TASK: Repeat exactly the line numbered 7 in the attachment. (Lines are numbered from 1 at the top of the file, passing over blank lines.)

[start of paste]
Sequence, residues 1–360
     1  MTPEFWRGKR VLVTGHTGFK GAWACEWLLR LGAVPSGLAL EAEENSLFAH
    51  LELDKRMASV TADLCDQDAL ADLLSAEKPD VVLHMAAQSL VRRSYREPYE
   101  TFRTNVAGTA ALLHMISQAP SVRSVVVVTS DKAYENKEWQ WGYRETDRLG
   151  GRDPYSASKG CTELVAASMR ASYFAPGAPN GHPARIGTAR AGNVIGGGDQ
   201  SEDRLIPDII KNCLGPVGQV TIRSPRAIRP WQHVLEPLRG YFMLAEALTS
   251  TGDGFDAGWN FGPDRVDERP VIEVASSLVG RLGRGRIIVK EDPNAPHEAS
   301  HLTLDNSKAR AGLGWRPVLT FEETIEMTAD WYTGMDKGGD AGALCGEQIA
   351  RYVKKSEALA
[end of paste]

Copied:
   251  TGDGFDAGWN FGPDRVDERP VIEVASSLVG RLGRGRIIVK EDPNAPHEAS